In this past, I’ve talked about whether or not freelancers should start a podcast to grow their brand. This came as a result of starting the Make Money Your Honey Podcast on a whim.
(Update: Podcasting is a lot of fun and I’m seeing great ROI, but it’s a lot of work!)
But before I had my own podcast, I was on other’s peoples’ podcasts. In fact, I was doing podcast interviews for a couple of years before even attempting to start my own.
Doing these podcast interviews helped me sell books, landed me some consulting gigs, got me some media attention and exposed me to new audiences. In fact, I wouldn’t be surprised if I go on a tour of podcast interviews again soon as I take my brand to a new level.
With that being said, there is an art to good podcast interviews. Here are some of my tips for using podcast interviews to boost your business.
Get specific about the kinds of podcasts you want to be on.
In the beginning, I used to go on any podcast that would invite me to come on. That worked for a while, but eventually as my brand grew I had to start thinking about ROI. I wasn’t spending money to do these podcast interviews, but I was spending a lot of time.
As a result, I started getting clear about the kinds of podcasts I wanted to be on. My first big podcast interview was with Entrepreneur on Fire, one of the top business podcasts in the last few years. Their audience is huge, and I knew I had to be on there.
From there, I started focusing on personal finance podcasts. Seeing that I’m in the personal finance niche, I knew who the top podcasters were and I pitched them.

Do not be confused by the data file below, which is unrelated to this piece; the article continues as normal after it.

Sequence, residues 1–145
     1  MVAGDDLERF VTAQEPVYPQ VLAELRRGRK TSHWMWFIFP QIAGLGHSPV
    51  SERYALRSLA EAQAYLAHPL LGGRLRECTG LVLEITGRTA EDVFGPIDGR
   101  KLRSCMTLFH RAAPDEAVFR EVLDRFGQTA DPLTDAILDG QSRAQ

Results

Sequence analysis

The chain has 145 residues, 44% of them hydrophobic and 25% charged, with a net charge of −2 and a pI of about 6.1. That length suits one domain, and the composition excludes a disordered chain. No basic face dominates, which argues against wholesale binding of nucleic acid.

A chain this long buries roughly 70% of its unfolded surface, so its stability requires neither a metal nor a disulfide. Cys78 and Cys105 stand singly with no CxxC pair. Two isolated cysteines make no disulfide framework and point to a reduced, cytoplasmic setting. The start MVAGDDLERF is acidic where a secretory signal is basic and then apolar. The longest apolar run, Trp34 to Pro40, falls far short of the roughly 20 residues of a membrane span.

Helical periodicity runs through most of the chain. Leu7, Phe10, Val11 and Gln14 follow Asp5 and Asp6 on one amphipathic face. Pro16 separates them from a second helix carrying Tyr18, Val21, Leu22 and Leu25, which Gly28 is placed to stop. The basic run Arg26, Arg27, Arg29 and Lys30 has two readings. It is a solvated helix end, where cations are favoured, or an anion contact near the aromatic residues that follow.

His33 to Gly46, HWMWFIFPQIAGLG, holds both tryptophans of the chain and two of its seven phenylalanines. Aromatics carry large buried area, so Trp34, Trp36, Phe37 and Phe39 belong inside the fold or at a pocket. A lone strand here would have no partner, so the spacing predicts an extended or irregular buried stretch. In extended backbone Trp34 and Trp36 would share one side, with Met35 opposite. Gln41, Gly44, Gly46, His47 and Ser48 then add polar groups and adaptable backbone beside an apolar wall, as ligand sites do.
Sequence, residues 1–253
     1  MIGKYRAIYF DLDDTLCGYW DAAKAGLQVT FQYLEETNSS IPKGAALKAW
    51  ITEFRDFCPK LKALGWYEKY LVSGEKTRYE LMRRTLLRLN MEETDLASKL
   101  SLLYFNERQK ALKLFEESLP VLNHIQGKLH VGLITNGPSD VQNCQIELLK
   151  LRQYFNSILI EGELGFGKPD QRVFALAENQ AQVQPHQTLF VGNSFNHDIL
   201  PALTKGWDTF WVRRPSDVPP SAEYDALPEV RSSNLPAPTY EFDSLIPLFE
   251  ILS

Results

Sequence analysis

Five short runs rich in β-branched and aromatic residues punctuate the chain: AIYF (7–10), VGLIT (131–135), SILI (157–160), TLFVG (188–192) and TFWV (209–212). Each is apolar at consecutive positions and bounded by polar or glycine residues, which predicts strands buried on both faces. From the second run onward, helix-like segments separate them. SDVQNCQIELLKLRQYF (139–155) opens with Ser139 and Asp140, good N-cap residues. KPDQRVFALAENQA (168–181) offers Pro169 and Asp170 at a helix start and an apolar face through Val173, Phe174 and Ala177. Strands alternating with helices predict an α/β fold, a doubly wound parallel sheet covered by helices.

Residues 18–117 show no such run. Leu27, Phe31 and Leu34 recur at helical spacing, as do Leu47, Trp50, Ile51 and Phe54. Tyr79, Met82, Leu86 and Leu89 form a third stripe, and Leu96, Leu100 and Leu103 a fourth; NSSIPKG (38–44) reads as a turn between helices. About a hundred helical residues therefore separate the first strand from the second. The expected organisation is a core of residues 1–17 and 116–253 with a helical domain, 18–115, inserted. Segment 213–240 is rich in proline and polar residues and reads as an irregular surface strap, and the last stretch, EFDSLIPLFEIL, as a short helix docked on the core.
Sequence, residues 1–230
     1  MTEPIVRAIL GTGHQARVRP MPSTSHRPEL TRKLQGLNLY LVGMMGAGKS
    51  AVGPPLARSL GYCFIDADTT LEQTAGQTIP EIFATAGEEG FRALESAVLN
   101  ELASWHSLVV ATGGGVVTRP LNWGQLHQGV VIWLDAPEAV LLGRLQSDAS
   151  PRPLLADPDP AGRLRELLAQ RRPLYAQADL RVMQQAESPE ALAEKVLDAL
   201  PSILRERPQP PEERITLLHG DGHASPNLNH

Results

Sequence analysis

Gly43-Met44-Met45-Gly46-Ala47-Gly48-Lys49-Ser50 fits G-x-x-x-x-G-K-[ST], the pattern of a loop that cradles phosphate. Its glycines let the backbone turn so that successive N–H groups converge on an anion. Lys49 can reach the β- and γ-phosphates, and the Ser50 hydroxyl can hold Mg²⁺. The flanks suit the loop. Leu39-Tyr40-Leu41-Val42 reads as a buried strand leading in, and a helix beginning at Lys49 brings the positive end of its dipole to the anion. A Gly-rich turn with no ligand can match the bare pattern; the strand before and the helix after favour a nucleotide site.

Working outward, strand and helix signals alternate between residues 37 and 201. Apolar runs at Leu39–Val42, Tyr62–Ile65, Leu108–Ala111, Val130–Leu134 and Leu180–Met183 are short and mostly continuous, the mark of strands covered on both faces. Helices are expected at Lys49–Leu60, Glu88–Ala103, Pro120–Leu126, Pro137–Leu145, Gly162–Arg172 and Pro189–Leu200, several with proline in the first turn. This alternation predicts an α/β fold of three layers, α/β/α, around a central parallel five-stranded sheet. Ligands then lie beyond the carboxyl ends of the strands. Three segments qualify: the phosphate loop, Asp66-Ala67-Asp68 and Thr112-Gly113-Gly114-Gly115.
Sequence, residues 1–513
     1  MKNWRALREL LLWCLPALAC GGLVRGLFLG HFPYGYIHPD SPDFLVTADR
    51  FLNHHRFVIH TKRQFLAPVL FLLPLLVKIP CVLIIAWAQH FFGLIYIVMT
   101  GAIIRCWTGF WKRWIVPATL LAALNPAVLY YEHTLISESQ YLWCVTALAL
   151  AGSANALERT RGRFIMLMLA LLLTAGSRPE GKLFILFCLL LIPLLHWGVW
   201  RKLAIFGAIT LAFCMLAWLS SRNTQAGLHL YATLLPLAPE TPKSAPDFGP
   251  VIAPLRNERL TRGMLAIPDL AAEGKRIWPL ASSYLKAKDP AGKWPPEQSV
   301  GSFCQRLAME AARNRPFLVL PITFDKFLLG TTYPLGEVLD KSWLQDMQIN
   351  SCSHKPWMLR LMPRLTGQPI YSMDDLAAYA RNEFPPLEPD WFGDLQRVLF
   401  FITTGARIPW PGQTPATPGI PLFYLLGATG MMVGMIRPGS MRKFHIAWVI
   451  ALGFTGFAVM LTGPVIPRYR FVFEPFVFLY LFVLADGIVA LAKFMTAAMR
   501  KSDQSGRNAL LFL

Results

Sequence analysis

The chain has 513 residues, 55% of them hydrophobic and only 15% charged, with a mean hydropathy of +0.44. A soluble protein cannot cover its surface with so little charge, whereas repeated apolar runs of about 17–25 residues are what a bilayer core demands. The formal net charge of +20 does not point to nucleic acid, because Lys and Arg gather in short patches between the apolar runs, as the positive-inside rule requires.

Know what your talking points are.
When doing podcast interviews, it’s important to have a set of talking points where you excel. For example, I know I can talk all day about millennials and entrepreneurship so that’s why I tend to talk about on these interviews.
By knowing what your talking points are, you make the podcaster’s job easier and you make your own job easier because you’re talking about things you’re comfortable with.
See it as a conversation.
A colleague of mine runs a local radio show and she mentioned how some guests try to get everything out in one breath instead of taking their time and letting the interview flow. The same happens with podcast interviews. Sometimes people get nervous and want to get it all out.
The key to not letting this happen is to see podcast interviews like natural conversations. The best podcast interviews I’ve done (both for my own podcast and while being interviewed on others) sound like I was just having a really good chat with a friend over coffee.
That means the following: Don’t worry about trying to be perfect, don’t worry about sounding like an idiot and have fun!